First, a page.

Behind the scenes, this guideme_get_map() function calls 2 other functions, one impure and one pure:


/**
 * Simplified a little for our example.
 */
function guideme_get_map() {
    $guide_paths = guideme_get_guide_paths();
    return guideme_map_guide_paths($guide_paths);
}

The first, guideme_get_guide_paths(), is impure as it calls module_invoke_all() and drupal_alter(). However, notice we could very easily have called this directly in guideme_map_guide_paths(). Instead, we call it outside, and pass the result as a parameter.

guideme_map_guide_paths() is pure - it is simply a processing function. It does the heavy lifting, and does not depend on any outside API.

The Guide Me unit tests contain several test cases specifically for guideme_map_guide_paths(). They are super-fast to run, and as long as they succeed, we can safely assume guideme_get_map() will work as well. FTW !

The next step is determining if the currently active page is part of a “learning path”. We thus need to check if any module-defined paths need to be triggered by the current URL. This is done by guidemap_fetch_appropriate_guide_path(), as follows:


$map = guideme_get_map();
$url = drupal_is_front_page() ? '' : current_path();
list($id, $step_url) = guidemap_fetch_appropriate_guide_path($map, $url);

Notice we do not call current_path() or drupal_is_front_page() directly from guidemap_fetch_appropriate_guide_path(), nor do we call our previous function guideme_get_map(). We could, and it would make the call a little easier to read. But it would make it impure. Yet, by passing this system-state information as parameters, our function remains pure.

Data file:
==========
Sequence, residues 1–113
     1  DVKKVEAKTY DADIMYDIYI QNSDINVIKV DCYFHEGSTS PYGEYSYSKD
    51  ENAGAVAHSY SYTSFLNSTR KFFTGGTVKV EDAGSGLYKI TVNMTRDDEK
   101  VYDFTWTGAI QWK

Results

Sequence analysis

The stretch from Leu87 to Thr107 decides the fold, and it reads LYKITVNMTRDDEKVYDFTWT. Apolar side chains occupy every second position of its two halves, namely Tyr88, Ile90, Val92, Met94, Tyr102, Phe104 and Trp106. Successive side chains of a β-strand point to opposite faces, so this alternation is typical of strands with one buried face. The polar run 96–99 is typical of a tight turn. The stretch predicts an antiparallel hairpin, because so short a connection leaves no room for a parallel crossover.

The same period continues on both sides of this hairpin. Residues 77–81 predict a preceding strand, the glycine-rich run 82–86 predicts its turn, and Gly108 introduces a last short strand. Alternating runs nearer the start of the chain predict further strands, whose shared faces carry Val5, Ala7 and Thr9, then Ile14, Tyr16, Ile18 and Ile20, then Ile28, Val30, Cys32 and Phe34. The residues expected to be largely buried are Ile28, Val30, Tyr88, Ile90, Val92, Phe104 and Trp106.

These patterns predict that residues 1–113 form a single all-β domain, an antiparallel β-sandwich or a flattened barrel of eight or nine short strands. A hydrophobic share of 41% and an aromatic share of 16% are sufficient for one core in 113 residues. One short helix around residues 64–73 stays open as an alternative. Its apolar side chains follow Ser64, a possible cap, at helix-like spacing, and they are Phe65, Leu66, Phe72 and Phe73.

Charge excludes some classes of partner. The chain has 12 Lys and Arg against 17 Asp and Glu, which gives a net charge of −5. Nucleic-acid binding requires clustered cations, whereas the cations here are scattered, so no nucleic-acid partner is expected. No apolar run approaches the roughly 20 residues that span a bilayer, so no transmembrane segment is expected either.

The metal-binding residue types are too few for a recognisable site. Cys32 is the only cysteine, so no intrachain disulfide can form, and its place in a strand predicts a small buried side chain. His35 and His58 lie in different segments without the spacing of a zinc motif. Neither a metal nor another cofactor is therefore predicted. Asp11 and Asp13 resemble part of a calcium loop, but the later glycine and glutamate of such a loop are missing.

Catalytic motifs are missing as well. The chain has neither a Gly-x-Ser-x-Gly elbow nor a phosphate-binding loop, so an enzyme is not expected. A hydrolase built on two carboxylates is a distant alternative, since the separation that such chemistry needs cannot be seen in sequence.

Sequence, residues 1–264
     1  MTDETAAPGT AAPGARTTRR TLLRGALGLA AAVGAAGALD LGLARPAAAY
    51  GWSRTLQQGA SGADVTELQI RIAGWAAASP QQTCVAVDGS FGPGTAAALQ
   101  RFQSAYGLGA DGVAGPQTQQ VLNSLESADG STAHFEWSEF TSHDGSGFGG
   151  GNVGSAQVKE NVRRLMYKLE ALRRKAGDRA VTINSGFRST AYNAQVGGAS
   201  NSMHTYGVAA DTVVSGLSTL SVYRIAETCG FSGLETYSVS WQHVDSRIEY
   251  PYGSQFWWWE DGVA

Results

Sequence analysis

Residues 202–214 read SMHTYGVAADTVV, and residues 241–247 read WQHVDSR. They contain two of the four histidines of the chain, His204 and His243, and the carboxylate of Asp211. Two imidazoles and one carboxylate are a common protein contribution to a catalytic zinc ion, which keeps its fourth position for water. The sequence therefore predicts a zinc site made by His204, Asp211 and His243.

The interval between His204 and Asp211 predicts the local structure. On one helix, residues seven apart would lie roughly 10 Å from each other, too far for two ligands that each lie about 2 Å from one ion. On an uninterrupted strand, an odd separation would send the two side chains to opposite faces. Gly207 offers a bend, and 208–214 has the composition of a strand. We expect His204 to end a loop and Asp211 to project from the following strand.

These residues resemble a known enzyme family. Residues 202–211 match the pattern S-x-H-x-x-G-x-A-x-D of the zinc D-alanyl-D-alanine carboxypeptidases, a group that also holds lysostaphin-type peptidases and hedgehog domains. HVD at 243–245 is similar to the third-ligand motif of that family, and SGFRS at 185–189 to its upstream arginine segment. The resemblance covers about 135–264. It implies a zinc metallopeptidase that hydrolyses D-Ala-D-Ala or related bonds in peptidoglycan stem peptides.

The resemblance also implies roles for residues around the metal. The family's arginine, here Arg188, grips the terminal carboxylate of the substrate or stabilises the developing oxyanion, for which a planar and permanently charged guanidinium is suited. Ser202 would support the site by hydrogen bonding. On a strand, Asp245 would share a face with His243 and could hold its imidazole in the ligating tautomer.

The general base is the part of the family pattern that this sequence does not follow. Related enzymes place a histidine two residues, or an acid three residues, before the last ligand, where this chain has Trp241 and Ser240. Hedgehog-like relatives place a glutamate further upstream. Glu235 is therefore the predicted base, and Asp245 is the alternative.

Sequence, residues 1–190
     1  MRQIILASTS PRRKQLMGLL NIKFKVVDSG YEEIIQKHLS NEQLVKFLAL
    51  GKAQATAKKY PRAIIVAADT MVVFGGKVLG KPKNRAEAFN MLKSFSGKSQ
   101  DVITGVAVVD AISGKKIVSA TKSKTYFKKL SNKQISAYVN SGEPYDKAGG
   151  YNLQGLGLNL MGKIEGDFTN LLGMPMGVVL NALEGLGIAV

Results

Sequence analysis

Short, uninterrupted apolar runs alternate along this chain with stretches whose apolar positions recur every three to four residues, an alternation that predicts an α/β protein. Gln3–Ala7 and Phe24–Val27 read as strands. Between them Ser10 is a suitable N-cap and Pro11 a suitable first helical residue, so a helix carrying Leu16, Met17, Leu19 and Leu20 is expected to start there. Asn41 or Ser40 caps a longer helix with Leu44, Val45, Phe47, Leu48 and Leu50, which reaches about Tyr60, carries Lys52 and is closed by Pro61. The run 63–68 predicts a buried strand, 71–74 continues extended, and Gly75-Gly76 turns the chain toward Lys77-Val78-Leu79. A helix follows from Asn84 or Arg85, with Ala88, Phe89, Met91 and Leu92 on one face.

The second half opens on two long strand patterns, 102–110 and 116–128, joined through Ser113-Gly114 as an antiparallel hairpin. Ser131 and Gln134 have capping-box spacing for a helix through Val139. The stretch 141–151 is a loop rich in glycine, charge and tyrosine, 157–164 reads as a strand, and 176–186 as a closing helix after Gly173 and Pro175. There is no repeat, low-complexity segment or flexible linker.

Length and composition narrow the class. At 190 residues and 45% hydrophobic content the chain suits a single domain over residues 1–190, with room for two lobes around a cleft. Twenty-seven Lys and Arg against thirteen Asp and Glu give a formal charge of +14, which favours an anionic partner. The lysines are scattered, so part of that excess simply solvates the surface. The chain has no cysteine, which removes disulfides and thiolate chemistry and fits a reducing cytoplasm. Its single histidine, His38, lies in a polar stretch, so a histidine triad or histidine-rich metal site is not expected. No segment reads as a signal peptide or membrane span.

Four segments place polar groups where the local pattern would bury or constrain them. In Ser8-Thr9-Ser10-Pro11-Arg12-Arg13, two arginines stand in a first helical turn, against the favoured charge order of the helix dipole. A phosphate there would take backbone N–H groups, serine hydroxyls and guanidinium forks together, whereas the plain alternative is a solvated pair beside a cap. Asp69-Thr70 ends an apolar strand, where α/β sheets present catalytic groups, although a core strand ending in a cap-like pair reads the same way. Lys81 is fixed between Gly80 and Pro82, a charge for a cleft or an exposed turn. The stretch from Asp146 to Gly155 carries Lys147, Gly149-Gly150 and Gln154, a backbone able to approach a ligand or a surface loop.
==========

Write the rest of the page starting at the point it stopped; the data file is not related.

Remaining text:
Here again, the Guide Me unit tests contain several tests for guidemap_fetch_appropriate_guide_path(). If they pass, we can safely assume our hook_init implementation is correct. And, as a result, we can safely assume our hooks work (as long as the implementing module implements it correctly). FTW !

Gotchas

Of course, for 100% test coverage, we would need to write a Drupal Web Test Case; there's no way around it. But our unit tests already cover +75% of our module's complexity. Which is a very decent amount, compared to 0%, as is the case for many modules.

Furthermore, we're in a pretty easy scenario. Testing the Node module this way, for instance, would be very hard and probably impractical.